As with many branches of technology, the advances in the hardware and software associated with cell phones has been incredible over the past few decades. In 2000, I was working for a SIM card manufacturer in France. At the time we were working with Wireless Markup Language (WML) and Java Server Pages (JSP) to try to put together applications that would let phone users browse cinema schedules and the like. The first time we got it to work was a cause for celebration!
Printed circuit board inside a Nokia 3210
Now, in 2012, the range of applications, or apps, available is quite astonishing, with cell phones acting as small computers rather than just telephones. Today's cell phone technology is advancing at a rapid pace while all the time prices are getting lower.
Cell phone features
All cell phones have a number of features in common. As with many technological areas, cell phone manufacturers put a lot of effort into differentiating their own products from their competitors' by implementing additional functionality to make their phones more attractive to consumers.
The common components found on all phones are:
- A battery that provides the power source for the phone functions.
- An input mechanism to allow the user to interact with the phone. For many years this was a keypad, but gradually (since about 2007) touch screens have become increasingly common, especially in high-end smartphones.
- Basic mobile phone services to allow users to make calls and send text messages.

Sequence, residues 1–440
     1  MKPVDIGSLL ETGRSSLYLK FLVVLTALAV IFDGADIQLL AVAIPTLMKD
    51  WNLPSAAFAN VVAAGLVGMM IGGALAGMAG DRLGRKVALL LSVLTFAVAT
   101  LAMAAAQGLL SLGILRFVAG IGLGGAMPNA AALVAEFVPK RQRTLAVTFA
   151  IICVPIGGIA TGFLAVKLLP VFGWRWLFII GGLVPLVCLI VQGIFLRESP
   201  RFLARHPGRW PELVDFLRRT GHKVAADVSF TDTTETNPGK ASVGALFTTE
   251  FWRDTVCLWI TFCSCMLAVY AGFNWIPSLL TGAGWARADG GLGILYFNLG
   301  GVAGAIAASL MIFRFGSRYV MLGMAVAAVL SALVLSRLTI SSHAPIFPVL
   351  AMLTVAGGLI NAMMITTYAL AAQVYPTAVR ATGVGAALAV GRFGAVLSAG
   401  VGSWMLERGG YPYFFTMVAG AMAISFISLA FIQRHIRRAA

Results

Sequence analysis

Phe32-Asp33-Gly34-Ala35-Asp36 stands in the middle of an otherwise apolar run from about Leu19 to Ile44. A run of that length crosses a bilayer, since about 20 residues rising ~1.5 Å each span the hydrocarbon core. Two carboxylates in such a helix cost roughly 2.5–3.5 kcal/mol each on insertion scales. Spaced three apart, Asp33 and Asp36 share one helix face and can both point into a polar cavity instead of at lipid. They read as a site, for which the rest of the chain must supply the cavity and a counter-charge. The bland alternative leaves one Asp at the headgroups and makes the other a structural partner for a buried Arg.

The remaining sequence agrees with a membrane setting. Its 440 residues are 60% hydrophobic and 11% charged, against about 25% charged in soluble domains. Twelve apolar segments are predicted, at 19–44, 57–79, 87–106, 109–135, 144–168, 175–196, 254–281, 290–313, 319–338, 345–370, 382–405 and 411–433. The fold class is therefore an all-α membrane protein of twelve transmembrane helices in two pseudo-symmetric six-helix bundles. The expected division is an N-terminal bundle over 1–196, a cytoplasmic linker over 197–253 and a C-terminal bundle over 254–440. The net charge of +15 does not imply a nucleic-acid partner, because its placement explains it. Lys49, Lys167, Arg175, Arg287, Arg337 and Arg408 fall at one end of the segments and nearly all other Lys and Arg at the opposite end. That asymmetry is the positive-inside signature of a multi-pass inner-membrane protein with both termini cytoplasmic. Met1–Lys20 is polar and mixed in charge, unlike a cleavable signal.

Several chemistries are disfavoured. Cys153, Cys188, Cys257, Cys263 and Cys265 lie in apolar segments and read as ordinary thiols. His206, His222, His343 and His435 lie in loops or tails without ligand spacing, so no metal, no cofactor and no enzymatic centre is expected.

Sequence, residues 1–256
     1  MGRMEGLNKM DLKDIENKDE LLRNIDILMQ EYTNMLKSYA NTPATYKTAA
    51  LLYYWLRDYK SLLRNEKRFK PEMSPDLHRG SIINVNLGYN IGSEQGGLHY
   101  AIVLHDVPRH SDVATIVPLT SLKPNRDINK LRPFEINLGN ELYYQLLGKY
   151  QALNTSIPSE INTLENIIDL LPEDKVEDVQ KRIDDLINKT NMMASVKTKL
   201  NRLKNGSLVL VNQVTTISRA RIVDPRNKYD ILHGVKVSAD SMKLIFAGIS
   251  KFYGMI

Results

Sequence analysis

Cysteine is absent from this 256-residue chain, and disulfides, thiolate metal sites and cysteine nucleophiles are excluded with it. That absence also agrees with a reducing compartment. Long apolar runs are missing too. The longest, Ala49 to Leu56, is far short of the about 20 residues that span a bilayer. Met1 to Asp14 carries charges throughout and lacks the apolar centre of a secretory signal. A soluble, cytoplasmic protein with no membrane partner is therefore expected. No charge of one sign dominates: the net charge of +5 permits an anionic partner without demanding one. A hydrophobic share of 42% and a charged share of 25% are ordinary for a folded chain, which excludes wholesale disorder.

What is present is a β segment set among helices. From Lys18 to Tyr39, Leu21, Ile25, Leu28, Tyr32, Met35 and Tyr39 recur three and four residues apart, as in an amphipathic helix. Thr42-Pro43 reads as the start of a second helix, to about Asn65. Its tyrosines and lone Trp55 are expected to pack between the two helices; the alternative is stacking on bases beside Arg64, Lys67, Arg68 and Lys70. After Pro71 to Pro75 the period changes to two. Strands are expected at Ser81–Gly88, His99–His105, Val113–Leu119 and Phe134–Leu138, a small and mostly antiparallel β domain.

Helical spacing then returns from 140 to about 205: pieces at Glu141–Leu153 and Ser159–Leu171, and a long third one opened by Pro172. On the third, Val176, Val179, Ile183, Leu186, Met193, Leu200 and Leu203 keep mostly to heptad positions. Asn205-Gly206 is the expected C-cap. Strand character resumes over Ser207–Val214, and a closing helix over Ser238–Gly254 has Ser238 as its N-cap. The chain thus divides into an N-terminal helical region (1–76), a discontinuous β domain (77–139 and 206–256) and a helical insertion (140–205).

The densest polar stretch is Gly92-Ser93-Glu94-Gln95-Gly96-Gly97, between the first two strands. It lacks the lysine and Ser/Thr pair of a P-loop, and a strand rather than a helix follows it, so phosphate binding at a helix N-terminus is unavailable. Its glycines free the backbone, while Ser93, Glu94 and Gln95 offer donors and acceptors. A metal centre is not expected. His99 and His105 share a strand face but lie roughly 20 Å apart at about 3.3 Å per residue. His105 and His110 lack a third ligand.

- Virtually all cell phones use a SIM card to allow an account to be swapped between devices.
- Individual GSM, WCDMA, iDEN and some satellite phone devices are uniquely identified by an International Mobile Equipment Identity (IMEI) number.
Below, a few of the technologies that have played a major role in the history of the cell/mobile phone are listed.
GPRS (General packet radio service) is a packet oriented mobile data service on the 2G and 3G cellular communication system's global system for mobile communications (GSM). GPRS was originally standardized by European Telecommunications Standards Institute (ETSI) in response to the earlier CDPD and i-mode packet-switched cellular technologies. It is now maintained by the 3rd Generation Partnership Project (3GPP).
GSM (Global System for Mobile Communications) is a standard developed by the European Telecommunications Standards Institute (ETSI) to describe technologies for second generation (2G) digital cellular networks. As of January 2012, GSM serves 80% of the global mobile market, encompassing more than five billion people across more than 212 countries and territories.
MMS (Multimedia Messaging Service) is a standard way of sending messages that contain multimedia content to and from cell/mobile phones. The most popular use is to send photographs from camera-equipped handsets, although it can also be used to send content such as videos and ringtones.
SMS (Short Message Service) is a text messaging service component of phone, web, or mobile communication systems. It is the most widely used data application in the world, with 2.4 billion active users. In 2010, 6.1 trillion SMS text messages were sent.
WAP (Wireless Application Protocol) is an open, global specification that enables mobile users with wireless devices to easily access and interact with information and services instantly.
WML (Wireless Markup Language) is a language that allows the text portions of Web pages to be presented on cell / mobile phones and personal digital assistants (PDAs) via wireless access. WML is part of the Wireless Application Protocol (WAP).